Dundee at 50: looking back and moving forward

2017 sees the 50th anniversary of the formation of the University of Dundee following its separation from the University of St Andrews.

The connection between the two universities is well established, dating back to the initial formation of University College, Dundee in 1881 and the subsequent joining of the two institutions six years later.

The next 70 years saw many changes (not least the decision to build a road bridge linking Fife and Dundee!) and led to the granting of a royal charter, which formally established the University of Dundee in August 1967.

In recognition of this anniversary we are planning to publish a series of blog posts throughout the year featuring alumni reminiscences and images from the 1960s.

If you have a story, photographs or simply a short anecdote to share with us, we would be delighted to hear from you!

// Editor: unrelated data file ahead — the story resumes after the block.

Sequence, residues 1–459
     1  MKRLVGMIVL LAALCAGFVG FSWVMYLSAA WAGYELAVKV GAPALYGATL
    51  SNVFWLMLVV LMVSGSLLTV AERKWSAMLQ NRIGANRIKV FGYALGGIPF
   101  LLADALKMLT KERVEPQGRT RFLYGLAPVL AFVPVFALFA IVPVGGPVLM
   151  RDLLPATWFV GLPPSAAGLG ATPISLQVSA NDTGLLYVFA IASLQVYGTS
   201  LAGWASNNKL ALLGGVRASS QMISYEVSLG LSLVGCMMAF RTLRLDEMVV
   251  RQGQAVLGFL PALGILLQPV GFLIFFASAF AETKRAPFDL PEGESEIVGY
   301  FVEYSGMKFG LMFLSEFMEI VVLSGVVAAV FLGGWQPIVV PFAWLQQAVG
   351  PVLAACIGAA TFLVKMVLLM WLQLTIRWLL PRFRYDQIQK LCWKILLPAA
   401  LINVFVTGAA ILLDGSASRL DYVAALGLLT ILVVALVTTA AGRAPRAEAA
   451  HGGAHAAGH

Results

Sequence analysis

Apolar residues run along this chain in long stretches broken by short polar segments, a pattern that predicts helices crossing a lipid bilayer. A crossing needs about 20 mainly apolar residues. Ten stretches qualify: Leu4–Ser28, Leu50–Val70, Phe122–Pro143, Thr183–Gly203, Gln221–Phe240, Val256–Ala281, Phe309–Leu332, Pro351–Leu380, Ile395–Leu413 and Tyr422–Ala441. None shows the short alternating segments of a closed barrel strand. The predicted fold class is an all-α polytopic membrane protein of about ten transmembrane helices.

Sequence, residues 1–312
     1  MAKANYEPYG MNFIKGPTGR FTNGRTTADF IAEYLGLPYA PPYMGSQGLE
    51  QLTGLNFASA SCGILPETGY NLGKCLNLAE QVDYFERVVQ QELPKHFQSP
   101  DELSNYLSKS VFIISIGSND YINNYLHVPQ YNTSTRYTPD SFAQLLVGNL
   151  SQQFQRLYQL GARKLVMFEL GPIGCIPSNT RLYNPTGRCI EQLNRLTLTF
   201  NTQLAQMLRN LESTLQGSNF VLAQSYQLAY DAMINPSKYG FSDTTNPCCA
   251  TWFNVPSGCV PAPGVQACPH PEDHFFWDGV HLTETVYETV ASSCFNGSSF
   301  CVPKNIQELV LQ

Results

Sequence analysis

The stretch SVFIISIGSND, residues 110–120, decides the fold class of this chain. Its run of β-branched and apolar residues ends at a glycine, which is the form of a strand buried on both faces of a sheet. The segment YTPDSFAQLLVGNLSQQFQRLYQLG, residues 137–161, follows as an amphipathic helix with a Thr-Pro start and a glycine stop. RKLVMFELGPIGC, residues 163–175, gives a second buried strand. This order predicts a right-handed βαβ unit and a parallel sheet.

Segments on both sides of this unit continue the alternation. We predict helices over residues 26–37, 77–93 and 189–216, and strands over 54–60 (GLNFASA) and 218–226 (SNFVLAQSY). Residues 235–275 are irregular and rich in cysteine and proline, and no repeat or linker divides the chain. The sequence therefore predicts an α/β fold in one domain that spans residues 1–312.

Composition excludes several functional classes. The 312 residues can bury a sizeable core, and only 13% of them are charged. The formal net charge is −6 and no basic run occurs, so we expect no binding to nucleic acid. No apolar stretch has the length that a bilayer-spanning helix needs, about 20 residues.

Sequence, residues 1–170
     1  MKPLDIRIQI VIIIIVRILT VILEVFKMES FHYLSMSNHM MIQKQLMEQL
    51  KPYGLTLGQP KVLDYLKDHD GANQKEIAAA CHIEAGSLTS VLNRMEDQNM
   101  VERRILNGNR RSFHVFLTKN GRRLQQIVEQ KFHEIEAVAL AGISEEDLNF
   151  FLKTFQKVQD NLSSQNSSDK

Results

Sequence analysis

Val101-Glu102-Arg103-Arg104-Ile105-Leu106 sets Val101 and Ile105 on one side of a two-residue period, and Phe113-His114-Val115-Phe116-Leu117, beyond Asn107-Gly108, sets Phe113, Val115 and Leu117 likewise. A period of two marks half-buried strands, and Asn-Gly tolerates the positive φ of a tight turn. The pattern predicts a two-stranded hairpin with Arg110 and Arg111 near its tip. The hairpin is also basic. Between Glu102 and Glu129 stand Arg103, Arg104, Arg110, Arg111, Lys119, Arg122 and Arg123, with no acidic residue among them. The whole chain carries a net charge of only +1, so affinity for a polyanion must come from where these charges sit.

Please send your memories to Sue Hill (Publications Officer) and Phil Pass (Alumni Relations Officer):

E: alumni@st-andrews.ac.uk
T: +44 (0)1334 46 7194
P: Development, University of St Andrews, Crawford Building, 91 North Street, St Andrews, Fife, KY16 9AJ

The ‘Ever to Excel’ Bell

In our latest blog, Simon Harper (BSC 1987) recounts how St Andrews gave him and his wife, Ann (née White, BSc 1985) much more than just a degree: it equipped them with the enthusiasm, determination and community spirit to raise £100,000 to buy a new ring of eight bells for their local church in the middle of the ‘deepest financial crisis the UK had seen in a generation’. Here is their story. 



Ann and Simon with daughters Lucy (left) and Emma (graduating)

“Ann and I first met in the University’s Hamilton Hall – the iconic red-bricked building overlooking the 18th green of the Old Course. Ann was the Senior Student in 1983–84 and I followed her lead in 1986–87.

“Following University, I trained as a Chartered Accountant with Arthur Andersen, then Price Waterhouse and am now Finance Director of the insurance broker Lycetts, while Ann, after earning a prize in Economics, went on to pursue a PGCE at Jordanhill College in Glasgow. She has been a primary school teacher ever since.